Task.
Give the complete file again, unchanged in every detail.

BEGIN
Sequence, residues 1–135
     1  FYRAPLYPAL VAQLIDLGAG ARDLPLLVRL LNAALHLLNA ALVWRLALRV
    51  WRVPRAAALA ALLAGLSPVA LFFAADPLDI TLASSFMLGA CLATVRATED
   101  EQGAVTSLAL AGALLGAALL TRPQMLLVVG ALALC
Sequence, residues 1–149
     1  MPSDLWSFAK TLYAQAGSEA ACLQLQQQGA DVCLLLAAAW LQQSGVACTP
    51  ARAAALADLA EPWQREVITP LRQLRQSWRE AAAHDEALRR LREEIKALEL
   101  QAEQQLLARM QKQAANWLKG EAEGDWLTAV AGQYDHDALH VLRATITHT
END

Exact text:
Sequence, residues 1–135
     1  FYRAPLYPAL VAQLIDLGAG ARDLPLLVRL LNAALHLLNA ALVWRLALRV
    51  WRVPRAAALA ALLAGLSPVA LFFAADPLDI TLASSFMLGA CLATVRATED
   101  EQGAVTSLAL AGALLGAALL TRPQMLLVVG ALALC
Sequence, residues 1–149
     1  MPSDLWSFAK TLYAQAGSEA ACLQLQQQGA DVCLLLAAAW LQQSGVACTP
    51  ARAAALADLA EPWQREVITP LRQLRQSWRE AAAHDEALRR LREEIKALEL
   101  QAEQQLLARM QKQAANWLKG EAEGDWLTAV AGQYDHDALH VLRATITHT